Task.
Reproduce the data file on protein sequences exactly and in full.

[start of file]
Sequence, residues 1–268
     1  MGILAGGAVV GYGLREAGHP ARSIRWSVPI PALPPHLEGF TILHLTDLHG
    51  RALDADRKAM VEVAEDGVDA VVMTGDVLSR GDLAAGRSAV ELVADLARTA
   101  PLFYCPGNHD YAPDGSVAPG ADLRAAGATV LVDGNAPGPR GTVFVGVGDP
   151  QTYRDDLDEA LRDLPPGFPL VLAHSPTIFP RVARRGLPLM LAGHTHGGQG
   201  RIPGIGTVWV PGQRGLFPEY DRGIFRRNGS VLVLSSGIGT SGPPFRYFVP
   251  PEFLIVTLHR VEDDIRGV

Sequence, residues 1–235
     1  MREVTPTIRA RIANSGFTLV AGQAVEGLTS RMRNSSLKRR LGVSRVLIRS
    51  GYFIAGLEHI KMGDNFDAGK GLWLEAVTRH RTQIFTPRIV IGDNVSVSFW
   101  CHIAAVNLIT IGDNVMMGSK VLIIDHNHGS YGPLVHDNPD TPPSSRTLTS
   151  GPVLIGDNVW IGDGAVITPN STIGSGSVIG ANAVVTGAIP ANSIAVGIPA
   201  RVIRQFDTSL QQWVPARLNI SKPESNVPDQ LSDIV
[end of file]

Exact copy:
Sequence, residues 1–268
     1  MGILAGGAVV GYGLREAGHP ARSIRWSVPI PALPPHLEGF TILHLTDLHG
    51  RALDADRKAM VEVAEDGVDA VVMTGDVLSR GDLAAGRSAV ELVADLARTA
   101  PLFYCPGNHD YAPDGSVAPG ADLRAAGATV LVDGNAPGPR GTVFVGVGDP
   151  QTYRDDLDEA LRDLPPGFPL VLAHSPTIFP RVARRGLPLM LAGHTHGGQG
   201  RIPGIGTVWV PGQRGLFPEY DRGIFRRNGS VLVLSSGIGT SGPPFRYFVP
   251  PEFLIVTLHR VEDDIRGV

Sequence, residues 1–235
     1  MREVTPTIRA RIANSGFTLV AGQAVEGLTS RMRNSSLKRR LGVSRVLIRS
    51  GYFIAGLEHI KMGDNFDAGK GLWLEAVTRH RTQIFTPRIV IGDNVSVSFW
   101  CHIAAVNLIT IGDNVMMGSK VLIIDHNHGS YGPLVHDNPD TPPSSRTLTS
   151  GPVLIGDNVW IGDGAVITPN STIGSGSVIG ANAVVTGAIP ANSIAVGIPA
   201  RVIRQFDTSL QQWVPARLNI SKPESNVPDQ LSDIV